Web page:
The Constitution of Kenya 2010, the supreme law of this land recognizes the place of Alternative Dispute Resolution mechanisms for many reasons including that it is efficient and would go a long way in decongesting the courts. This was further alluded and reinforced by the then Chief Justice, Hon. Dr. Willy Mutunga, during the commencement of ‘the Judicial Marches Week’ in 2012.
Every community in Kenya has some semblance of alternative dispute resolution mechanisms. Alternative Dispute Resolution (“ADR”) refers to any means of settling disputes outside of the courtroom. For instance, the Ameru have a council of elders known as Njuri Njeke, the Borana have the Agabadha as channels through which traditional dispute resolution is delivered.
Maslaha is a term that is foreign to a majority of Kenyans who reside away from Northern Kenya. Indeed, as a young advocate who has recently worked in Garissa County for a short period of time, it has been quite an experience encountering the workings of this informal justice system. Much like other traditional dispute resolution institutions like the Njuri Njeke, Maslaha is a traditional resolution mechanism practised within the Somali community in Garissa County and the larger North-Eastern region to settle feuds and disputes. Male elders act as mediators and use traditional means to solve the problems set before them. Within this regime, compensation is a large aspect of problem solving, whereby ‘payment’ is done by way of money or livestock.
Why is Maslaha preferred by the communities that practice it? For one, Maslaha is a part of the Somali culture. Secondly, it applies a concept of justice that is easily understood. Third, it also advocates for justice that is geared towards reconciliation and community cohesion as opposed to formal justice systems that lay emphasis on retributive justice and punishment. Additionally, Maslaha involves components of monetary compensation which directly benefits the aggrieved parties and offers a form of consolation as opposed to courts of law whereby the incarceration/punishment of the perpetrator of a crime against the aggrieved is deemed sufficient action to resolve the matter. Finally, the formal Kenyan justice system is perceived as complicated, lengthy and often inconclusive. From the foregoing, it is undeniable that Maslaha is instrumental in maintaining peace and cohesiveness through its reconciliatory dispute resolution approach.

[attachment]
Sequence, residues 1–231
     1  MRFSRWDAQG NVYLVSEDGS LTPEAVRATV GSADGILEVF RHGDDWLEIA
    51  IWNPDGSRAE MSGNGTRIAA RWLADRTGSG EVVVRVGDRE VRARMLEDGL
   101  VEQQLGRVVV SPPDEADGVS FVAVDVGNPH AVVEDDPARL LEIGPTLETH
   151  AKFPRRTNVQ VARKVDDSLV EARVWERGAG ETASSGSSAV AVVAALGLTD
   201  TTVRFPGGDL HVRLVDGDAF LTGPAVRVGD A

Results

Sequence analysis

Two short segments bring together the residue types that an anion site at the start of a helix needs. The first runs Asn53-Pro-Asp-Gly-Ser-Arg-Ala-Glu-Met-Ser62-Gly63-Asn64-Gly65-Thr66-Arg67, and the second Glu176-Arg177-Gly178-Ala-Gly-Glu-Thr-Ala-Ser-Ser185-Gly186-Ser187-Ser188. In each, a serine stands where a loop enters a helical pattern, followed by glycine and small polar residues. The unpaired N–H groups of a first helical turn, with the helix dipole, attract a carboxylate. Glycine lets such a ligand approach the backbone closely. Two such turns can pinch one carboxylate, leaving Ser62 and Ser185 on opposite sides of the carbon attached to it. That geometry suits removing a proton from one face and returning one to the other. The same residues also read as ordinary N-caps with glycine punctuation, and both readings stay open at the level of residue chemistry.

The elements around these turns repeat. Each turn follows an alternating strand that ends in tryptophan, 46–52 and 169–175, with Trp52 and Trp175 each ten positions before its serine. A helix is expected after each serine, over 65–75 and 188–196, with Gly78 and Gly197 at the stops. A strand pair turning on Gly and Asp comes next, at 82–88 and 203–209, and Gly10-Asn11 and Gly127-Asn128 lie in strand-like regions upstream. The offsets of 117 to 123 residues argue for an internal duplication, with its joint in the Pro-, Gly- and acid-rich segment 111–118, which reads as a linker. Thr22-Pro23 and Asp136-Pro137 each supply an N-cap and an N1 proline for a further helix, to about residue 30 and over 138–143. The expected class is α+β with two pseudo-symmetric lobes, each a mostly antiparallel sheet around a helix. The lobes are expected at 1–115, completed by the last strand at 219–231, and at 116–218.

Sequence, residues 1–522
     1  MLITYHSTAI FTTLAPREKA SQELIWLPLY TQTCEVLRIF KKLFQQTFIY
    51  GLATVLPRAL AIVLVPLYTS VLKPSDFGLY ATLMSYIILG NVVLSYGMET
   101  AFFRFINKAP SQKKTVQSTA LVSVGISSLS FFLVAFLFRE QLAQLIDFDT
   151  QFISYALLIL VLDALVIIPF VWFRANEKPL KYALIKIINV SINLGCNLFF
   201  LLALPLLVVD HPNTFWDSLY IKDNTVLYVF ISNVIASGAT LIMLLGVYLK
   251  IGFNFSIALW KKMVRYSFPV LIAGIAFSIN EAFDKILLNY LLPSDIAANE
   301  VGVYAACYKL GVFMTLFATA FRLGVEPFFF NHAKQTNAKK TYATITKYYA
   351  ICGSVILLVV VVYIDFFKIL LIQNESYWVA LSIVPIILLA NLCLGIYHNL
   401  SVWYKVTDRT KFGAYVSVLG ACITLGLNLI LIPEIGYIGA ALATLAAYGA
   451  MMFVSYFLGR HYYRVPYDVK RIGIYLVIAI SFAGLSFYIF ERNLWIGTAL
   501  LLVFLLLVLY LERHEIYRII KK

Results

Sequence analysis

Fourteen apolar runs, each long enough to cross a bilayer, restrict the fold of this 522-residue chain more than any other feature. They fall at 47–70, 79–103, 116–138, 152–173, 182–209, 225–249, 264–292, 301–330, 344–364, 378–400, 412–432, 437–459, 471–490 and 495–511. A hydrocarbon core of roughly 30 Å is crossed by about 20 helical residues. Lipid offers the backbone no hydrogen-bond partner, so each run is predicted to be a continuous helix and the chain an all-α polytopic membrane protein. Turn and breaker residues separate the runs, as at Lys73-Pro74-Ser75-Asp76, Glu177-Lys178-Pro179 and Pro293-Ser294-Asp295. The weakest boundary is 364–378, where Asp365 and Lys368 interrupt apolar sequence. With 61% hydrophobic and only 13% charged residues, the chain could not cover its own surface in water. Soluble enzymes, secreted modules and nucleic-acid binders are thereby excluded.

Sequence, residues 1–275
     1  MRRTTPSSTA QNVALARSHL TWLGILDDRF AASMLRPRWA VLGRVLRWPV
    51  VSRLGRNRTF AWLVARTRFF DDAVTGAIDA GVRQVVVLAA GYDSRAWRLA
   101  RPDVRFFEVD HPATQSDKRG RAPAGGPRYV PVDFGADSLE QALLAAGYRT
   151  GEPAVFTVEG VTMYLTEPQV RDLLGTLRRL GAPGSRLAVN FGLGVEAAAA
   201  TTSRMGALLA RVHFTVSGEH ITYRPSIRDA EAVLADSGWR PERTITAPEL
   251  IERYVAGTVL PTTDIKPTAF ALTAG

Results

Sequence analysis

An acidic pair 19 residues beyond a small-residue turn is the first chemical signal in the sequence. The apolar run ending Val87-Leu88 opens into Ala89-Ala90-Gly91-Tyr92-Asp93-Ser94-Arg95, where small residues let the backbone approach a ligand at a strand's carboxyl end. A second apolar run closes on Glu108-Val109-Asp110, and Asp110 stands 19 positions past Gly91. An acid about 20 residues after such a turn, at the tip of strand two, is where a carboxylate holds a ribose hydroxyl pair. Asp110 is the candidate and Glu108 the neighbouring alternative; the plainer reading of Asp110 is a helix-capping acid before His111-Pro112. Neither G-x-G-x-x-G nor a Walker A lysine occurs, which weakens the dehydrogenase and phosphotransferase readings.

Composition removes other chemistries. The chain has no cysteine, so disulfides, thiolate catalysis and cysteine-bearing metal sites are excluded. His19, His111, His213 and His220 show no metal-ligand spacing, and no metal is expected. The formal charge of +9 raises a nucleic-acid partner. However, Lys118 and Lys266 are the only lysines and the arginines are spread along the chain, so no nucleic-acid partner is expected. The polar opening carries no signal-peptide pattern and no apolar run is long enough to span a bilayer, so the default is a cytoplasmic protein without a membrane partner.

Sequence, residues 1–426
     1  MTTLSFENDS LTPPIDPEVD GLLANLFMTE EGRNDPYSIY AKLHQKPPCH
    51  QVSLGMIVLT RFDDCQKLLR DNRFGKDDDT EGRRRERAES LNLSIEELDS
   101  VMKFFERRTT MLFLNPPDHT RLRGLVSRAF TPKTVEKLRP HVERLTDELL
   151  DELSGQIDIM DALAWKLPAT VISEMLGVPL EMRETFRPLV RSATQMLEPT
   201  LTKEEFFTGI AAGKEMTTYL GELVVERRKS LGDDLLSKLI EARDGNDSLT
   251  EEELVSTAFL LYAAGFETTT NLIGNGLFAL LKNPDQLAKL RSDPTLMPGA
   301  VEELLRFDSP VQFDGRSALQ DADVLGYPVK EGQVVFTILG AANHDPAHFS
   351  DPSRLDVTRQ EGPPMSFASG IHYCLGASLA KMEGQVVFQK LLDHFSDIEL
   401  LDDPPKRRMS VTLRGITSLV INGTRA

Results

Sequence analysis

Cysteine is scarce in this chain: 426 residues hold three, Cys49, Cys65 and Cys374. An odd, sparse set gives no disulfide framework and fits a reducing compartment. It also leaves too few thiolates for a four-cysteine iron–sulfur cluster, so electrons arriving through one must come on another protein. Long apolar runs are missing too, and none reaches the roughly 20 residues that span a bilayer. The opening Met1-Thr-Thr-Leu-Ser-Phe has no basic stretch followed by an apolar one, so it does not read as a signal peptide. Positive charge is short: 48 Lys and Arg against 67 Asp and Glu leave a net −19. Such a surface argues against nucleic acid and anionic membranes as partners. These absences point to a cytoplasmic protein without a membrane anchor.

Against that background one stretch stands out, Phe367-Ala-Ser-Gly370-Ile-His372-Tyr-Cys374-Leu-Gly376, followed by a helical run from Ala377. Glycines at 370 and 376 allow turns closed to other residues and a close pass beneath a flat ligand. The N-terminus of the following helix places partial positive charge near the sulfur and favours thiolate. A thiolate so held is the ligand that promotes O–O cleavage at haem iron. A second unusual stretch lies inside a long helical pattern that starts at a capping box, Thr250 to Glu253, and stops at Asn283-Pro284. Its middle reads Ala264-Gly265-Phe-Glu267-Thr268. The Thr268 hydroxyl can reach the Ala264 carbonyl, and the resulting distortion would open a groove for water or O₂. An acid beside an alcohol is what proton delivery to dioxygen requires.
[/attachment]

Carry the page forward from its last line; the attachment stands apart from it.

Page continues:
Despite the numerous advantages attributed to Maslaha, there are several questionable aspects attached to it. For instance, Maslaha is applied even to murder and sexual offences. This is problematic as there are legal instruments that prescribe what penalties should be attached to such offences. The penal code already sets murder as a capital offence that is punishable by life imprisonment or death while the sexual offences act sets out sexual offences and punishment that accompanies them.
Secondly, Maslaha as a practice is heavily male dominated. There is almost complete non-existence of women in the councils of elders that serve as the decision makers in this institution. This means skewed outcomes and lack of realization of justice when it comes to matters that are gender sensitive eg Gender & Sexual Gender Based Violence and even felonies. For instance, there is a disparity of punishment whereby a larger/smaller amount of livestock should be paid by a perpetrator to a victim’s family based on the deceased’s gender upon their death i.e 50 heads of livestock for the death of a female victim while 100 heads of livestock is paid for the death of a male victim.
Whilst Maslaha, has and will continue to be invaluable in the realization of justice, the blanket application thereof should be critiqued, as it raises pertinent questions such as what limitations and parameters exist in its application?
The law recognize and support alternative dispute resolution going by Article 159 of the Constitution provides that alternative forms of dispute resolution, however, they shall not be used in a way that contravenes the Bill of Rights or is repugnant to justice and morality, is inconsistent with the Constitution or any written law. The Judicature Act has a similar stance in section 3(2), adding that the use of African customary law in dispute resolution ideally applies only in civil cases.
Whilst the use of traditional resolution mechanisms should be encouraged, the judiciary, the office of the DPP and other non-state stakeholders such as the East African Centre for Human Rights (EACHRights) that operate within the justice sector need to enhance awareness and sensitization on aspects of human rights, gender and the law in communities where traditional dispute are preferred.
Finally, training of elders in traditional dispute mechanisms such as Maslaha on the Constitution and other legal instruments is imperative as they are the custodians of the law in their communities. It is only through direct engagement with them and their subsequent capacity building on the law that justice can be achieved without discrimination. Traditional dispute resolution mechanisms, Maslaha included are certainly viable avenue of justice, if they are practiced within the confines of the law.
Advocate of the High Court & the Legal Officer at the East African Centre for Human Rights (EACHRights).